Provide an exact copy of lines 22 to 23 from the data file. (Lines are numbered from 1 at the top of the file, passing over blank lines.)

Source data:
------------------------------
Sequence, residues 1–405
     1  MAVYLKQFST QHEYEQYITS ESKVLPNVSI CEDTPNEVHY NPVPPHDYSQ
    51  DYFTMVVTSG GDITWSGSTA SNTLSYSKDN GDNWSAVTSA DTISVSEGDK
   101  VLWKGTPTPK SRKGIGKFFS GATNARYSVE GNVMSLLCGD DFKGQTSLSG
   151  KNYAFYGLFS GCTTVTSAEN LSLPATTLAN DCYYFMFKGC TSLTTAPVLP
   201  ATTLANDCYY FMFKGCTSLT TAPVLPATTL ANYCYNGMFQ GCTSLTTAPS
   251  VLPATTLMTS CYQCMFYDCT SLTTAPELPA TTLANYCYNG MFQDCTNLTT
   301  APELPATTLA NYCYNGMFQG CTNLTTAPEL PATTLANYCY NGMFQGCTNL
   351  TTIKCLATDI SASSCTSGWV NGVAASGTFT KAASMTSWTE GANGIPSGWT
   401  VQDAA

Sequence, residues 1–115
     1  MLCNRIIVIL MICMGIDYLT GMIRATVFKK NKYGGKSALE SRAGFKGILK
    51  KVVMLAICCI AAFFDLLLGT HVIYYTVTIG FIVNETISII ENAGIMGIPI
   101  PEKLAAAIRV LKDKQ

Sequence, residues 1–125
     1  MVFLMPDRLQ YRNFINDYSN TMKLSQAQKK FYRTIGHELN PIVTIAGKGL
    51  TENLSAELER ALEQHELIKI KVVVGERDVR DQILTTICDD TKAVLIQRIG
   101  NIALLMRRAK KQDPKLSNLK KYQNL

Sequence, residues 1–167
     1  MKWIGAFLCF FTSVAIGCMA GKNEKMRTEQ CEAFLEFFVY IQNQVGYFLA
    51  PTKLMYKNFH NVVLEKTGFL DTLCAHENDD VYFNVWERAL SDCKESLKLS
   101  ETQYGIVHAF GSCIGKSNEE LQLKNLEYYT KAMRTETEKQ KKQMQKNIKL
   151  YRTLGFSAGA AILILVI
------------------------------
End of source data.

   101  ETQYGIVHAF GSCIGKSNEE LQLKNLEYYT KAMRTETEKQ KKQMQKNIKL
   151  YRTLGFSAGA AILILVI